What Economists Get Wrong About Measuring Productivity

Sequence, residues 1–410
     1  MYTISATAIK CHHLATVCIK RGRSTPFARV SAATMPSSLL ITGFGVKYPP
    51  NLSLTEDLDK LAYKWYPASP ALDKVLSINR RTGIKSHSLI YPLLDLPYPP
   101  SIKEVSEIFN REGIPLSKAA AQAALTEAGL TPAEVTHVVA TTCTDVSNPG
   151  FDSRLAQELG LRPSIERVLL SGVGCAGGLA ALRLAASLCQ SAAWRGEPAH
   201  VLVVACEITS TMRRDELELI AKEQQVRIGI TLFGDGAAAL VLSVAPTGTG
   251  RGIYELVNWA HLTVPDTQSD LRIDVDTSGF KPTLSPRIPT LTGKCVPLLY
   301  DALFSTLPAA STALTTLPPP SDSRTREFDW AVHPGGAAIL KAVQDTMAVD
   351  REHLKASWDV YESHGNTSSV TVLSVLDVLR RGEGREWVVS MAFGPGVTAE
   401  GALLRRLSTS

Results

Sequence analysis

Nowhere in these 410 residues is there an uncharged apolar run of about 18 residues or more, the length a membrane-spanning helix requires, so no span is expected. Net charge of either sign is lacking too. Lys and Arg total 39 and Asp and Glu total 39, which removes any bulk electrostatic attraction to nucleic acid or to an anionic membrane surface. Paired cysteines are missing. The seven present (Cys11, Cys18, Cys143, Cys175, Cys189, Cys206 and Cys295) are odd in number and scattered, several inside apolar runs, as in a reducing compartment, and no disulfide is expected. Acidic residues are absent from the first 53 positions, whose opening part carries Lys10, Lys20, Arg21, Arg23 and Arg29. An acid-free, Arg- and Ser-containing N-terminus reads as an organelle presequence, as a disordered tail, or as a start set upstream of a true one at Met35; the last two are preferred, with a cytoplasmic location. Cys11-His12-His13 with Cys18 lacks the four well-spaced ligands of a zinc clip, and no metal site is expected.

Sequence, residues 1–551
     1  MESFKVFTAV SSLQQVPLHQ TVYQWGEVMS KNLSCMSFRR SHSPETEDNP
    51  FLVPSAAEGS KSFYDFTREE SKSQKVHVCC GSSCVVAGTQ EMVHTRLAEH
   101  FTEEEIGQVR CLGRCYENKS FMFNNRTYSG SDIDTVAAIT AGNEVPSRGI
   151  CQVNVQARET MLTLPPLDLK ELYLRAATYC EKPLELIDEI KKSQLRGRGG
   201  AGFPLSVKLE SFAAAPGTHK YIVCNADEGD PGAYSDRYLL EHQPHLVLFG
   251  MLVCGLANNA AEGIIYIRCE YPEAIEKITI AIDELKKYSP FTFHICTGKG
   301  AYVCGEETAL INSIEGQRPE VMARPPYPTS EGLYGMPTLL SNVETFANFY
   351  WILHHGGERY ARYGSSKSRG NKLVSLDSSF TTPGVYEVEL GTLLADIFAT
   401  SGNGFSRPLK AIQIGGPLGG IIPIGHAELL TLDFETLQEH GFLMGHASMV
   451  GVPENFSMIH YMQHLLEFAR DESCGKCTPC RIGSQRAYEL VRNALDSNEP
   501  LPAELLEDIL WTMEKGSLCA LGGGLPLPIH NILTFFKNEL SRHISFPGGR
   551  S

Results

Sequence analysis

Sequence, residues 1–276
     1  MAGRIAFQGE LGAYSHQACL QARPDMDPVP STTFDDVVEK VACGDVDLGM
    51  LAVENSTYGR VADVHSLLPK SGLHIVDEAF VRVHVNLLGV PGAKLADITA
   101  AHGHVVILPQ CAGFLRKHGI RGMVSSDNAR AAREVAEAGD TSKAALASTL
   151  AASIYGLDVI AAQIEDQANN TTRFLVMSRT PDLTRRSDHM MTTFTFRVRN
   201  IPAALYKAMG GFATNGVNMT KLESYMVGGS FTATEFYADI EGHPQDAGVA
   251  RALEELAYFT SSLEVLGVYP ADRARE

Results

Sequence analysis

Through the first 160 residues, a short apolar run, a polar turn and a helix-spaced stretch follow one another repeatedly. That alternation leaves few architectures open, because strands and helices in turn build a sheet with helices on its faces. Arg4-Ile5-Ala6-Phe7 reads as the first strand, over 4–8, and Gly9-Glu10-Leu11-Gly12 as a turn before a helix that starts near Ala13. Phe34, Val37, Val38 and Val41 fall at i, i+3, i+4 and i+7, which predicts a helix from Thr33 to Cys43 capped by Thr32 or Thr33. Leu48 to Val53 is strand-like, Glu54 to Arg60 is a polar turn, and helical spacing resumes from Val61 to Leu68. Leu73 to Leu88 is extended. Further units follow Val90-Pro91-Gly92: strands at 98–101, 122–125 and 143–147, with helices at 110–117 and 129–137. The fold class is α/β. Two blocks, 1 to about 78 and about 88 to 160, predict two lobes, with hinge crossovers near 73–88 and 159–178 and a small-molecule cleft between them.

I find it interesting to listen to economists talk about U.S. productivity growth – or the lack thereof. It has been a source of much fretting over the years.  The 3+%/year labor productivity growth rates of the 1950s and 1960s slowed to under 2% in the 1970s and then to 1.5% in the 1980-1995 period. There was a heartening rally between 1996 and 2004, when growth returned to its 1950s/1960s levels of 3% — a performance almost universally attributed to the efficiency gains from information technology.

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